Posted on 14 July 2005
WWF is urging the private sector to take a greater responsibility to ensure that economic development in the Greater Mekong subregion is environmentally and socially sustainable.
Tokyo, Japan – WWF is urging the private sector to take a greater responsibility to ensure that economic development in the Greater Mekong subregion is environmentally and socially sustainable.
“The private sector is playing an increasingly important role in development of the region," said Dr Isabelle Louis, Director of WWF International's Asia-Pacific Programme.
"It is crucial that businesses and corporations demonstrate how they can contribute positively to balancing economic, social, and environmental development priorities in one of the poorest sub regions in the Asia-Pacific.”
The call comes as participants gather in Tokyo, Japan, at the Mekong Development Forum, which aims to deepen the private sector’s awareness of the common challenges facing countries within the Greater Mekong subregion, while at the same time drawing attention to potential projects and investments across a broad range of sectors, including including forestry, transport, energy, and waste management.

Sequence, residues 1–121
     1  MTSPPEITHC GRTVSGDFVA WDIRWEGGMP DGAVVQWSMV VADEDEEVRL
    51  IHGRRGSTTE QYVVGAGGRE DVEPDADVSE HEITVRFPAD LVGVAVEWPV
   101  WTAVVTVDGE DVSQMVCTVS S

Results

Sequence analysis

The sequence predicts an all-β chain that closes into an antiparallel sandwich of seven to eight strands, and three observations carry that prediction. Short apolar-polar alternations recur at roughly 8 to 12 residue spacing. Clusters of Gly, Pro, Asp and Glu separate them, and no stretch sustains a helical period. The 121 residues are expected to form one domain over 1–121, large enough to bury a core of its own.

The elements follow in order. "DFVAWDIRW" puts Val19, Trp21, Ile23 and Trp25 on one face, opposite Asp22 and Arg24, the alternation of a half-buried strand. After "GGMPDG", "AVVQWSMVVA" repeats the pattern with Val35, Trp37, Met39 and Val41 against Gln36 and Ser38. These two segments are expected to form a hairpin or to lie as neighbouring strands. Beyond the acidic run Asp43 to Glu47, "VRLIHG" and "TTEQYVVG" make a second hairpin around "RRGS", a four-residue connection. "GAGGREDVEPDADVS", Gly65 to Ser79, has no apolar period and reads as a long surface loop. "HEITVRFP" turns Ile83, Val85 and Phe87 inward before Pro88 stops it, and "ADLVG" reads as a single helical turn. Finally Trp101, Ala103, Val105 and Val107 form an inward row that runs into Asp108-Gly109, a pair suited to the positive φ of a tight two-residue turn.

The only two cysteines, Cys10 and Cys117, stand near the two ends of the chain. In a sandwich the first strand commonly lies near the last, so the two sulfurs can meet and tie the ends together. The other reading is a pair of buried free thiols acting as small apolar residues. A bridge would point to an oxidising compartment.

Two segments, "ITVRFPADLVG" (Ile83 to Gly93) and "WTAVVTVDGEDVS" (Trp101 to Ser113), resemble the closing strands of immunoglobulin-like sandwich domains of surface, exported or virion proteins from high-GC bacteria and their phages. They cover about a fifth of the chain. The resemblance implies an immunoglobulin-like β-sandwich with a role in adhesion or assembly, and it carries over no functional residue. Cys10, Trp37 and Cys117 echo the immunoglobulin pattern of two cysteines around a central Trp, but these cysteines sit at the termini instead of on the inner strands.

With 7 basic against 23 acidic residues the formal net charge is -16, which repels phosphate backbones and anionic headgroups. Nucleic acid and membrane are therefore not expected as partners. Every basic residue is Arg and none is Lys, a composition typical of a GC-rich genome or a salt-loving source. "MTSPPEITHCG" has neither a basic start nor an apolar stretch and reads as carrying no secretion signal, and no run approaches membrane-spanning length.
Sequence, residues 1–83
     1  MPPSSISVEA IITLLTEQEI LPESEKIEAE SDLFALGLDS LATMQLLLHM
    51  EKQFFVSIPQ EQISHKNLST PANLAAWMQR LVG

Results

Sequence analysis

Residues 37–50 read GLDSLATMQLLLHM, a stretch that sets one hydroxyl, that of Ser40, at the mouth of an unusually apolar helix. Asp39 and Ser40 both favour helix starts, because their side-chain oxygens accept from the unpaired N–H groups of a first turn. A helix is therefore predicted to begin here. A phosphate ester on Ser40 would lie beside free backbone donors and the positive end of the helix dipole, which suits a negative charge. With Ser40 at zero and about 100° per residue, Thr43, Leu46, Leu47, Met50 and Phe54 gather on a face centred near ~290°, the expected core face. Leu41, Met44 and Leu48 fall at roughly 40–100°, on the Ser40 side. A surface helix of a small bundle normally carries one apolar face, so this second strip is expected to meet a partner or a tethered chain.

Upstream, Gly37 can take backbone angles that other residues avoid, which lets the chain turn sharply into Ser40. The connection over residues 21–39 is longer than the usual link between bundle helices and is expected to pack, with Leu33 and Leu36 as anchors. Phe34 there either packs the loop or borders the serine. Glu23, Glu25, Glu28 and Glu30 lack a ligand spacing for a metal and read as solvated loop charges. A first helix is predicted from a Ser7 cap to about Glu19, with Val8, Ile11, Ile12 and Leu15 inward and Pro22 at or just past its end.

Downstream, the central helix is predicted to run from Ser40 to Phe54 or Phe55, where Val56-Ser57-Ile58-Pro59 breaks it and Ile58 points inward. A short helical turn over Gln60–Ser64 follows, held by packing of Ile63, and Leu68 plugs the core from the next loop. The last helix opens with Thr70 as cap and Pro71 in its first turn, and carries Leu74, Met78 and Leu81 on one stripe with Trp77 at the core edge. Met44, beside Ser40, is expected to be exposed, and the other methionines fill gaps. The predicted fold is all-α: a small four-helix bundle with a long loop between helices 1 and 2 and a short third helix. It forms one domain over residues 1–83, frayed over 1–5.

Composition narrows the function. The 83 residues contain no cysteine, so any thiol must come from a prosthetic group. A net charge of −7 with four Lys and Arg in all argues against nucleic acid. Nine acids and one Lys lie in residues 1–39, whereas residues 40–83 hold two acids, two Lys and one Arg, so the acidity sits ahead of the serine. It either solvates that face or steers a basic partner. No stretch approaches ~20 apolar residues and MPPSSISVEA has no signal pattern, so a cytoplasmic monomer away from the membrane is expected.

Although institutions such as the Asian Development Bank have developed comprehensive safeguard policies to help address social and environmental concerns in the implementation of large infrastructure projects, WWF contends that in the Mekong region, individual projects in different sectors can no longer be considered and approved independently, but should be considered in the larger context of cumulative impact assessments at the scale of large landscapes and entire river basins.
“An increasing number of businesses and corporations are developing and adopting innovative approaches," Dr Louis said.
"Embarking on new partnerships will be important to ensure that development both reduces poverty and conserves nature over the long term."NOTES:
• The six countries of the Greater Mekong subregion include Cambodia, Lao PDR, Myanmar, Thailand, Vietnam, and China (Yunnan and Guangxi Provinces).For more information:
Dr Robert Mather, Country Representative
Tel: +66 1826 2657
Dermot O'Gorman, Deputy Director
WWF International Asia-Pacific Programme
Tel: +41-22 364 9262